Another major line of our research concerns the cumulative (combined) effect on the liver of O. felineus and dimethylnitrosamine (DMN), a nitrosocompound. Man has to deal with such compounds at every step. Nitrosocompounds get in together with food and water, they are contained in tobacco smoke, and are formed in nitrates and nitrites contained in vegetables and fruit we eat, and produced in metabolic processes triggered by some medical drugs. They are detected in long-shelf life products, such as cheese, smoked foods, and canned meat, fish, fruit and vegetables.


A few years before us, scientists of Khon Kaen University in Thailand found that the combined action of O. viverrini and DMN on animals caused malignant cholangiomas. Yet the carcinogenic effect of O. felineus has not been studied well enough thus far.


We at the Cytology and Genetics Institute have made an experiment to test O. felineus for carcinogenesis. We took 200 golden hamsters in four groups: control (I), DMN-treated (II), O. felineus-infested (III) and those subjected to the combined effect of DMN and O. felineus (IV). The experiment went on for 40 weeks. At definite time intervals we made comparative histological studies of the liver of animals in all these groups.


As expected, the liver condition in the control group saw no changes. The hamsters of the second group exhibited symptoms of progressive hepatic pathology halfway through the experiment, namely adipose infiltration and connective tissue excrescence. Parasites were detected in the bile ducts of the third group. The growing symptoms of pathological processes typical of the precancerous phase were likewise observed there. Overall, the picture was similar to one observed in the experiment conducted together with Thai university research scientists: compared with O. viverrini, O. felineus brings fast and dramatic pathologies of the liver. The situation proved really too bad in the fourth group of hamsters since they were acted upon by both DMN and O. felineus. The inflammatory and degenerative processes observed in the hamsters of the two other experimental groups were manifest earlier and more explicitly. The cholangiocellular carcinoma (malignant tumor) was taking form by the tenth week of the experiment. Given analogous experimental conditions, cholangiocarcinomas appeared but in the fourteenth week in the case of O. viverrini infestation.


This experiment was the first to demonstrate the role of O. felineus in the malignant degeneration of the liver. The "Siberian opisthorchis" is cancerogenic and, like O. viverrini, it acts in synergy with DMN. However, O. felineus is virulent far more than O. viverrini-at any rate, with regard to a model object, the golden hamsters.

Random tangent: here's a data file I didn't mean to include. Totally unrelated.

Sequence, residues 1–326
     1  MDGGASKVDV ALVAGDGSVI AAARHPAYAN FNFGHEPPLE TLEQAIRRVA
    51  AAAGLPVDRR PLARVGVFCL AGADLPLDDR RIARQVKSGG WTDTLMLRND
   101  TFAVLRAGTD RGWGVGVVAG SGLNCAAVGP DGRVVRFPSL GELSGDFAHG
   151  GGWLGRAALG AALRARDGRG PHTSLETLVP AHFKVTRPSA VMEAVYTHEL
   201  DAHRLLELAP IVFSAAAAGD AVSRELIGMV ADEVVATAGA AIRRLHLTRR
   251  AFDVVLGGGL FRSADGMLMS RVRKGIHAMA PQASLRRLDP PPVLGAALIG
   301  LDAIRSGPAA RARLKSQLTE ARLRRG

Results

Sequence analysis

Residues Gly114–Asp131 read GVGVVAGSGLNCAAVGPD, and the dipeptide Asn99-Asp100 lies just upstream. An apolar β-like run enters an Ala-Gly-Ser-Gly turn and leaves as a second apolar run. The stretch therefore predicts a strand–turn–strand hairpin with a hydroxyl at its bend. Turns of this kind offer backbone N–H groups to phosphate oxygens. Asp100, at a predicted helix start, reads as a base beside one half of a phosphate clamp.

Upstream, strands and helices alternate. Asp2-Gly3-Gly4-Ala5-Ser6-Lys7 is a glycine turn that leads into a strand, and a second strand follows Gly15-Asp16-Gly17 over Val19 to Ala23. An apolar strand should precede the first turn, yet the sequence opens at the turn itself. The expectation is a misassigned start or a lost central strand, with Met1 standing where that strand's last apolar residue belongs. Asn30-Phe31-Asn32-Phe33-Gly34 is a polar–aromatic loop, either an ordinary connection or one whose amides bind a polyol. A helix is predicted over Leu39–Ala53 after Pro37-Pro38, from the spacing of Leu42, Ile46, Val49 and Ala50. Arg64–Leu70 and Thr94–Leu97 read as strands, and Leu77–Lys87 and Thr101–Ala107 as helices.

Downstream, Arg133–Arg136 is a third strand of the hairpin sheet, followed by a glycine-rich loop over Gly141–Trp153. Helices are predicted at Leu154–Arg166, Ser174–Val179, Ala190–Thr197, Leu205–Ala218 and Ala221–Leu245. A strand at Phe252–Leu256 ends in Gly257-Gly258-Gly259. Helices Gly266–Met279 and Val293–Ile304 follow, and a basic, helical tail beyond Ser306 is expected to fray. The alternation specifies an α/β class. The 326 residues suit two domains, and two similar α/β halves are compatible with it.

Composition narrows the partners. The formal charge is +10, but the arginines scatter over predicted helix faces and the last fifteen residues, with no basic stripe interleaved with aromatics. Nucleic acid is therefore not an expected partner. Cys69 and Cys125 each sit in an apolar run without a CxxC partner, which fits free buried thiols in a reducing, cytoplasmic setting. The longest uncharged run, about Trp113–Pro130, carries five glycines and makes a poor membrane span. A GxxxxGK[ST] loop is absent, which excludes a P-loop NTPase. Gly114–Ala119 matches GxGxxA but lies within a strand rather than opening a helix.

The opisthorchiasis diagnostics problem is still a live issue bearing in mind that the initial stages of the malady at low dosages of the pathogen and even in chronic forms may proceed asymptomatically, while the general clinical picture is not specific. Therefore timely diagnostics is difficult, if possible at all.


To diagnose the "Ob disease" clinicians make use of methods applied in gastroenterology, such as endoscopy, roentgenography, ultrasound, computer and magne-toresonance tomography, among other techniques making it possible to spot structural changes in the liver, gall bladder and biliary ducts, and respective disfunctions.


Since such anomalies may be due to other causes, a preliminary diagnosis has to be restated. But if helminthic ova are detected in a sample, the fact of infestation must be obvious. Yet conventional techniques have

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substantial drawbacks-they are laborious and may produce wrong results, for a tentative diagnosis may be checked upon only a month after infestation and egg-laying. The diagnosis may be quite wrong and negative if the invasion level is low, or if the biliary ducts are clogged. It is impossible then to identify a particular parasite and prescribe adequate medication.


Immunoenzymatic analysis (IEA) complements the above methods of opisthorchiasis diagnostics, for it allows to detect in blood serum antibodies specific for antigens of the parasites even at the stage prior to egg-laying, and one can judge about the progress of the disease by the titer of antibodies. Owing to the growing scale of immunodiagnostics, as many as 40,000 cases of opisthorchiasis are registered every year nationwide. However, the available test systems for antibodies to opisthorchis antigens are not perfect. For one, these are low-sensitivity and low-specificity techniques, a factor affecting the fidelity of analysis. Wrongly positive results are also possible in blood serum assays of healthy individuals or patients contracting nonparasitic diseases or parasitic diseases of different etiology (origin).


The accuracy of IEA tests may be improved by a cloning of genes encoding species-specific antigen proteins making it possible to obtain such proteins in sufficient amounts. Proceeding accordingly, we may create high-sensitivity diagnosticums with a specificity level close to 100 percent. Research scientists abroad have indicated certain potential immunogens (antigens) C. sinensis, homologous to antigens of other trematode species by using data on C. sinensis genomic sequencing.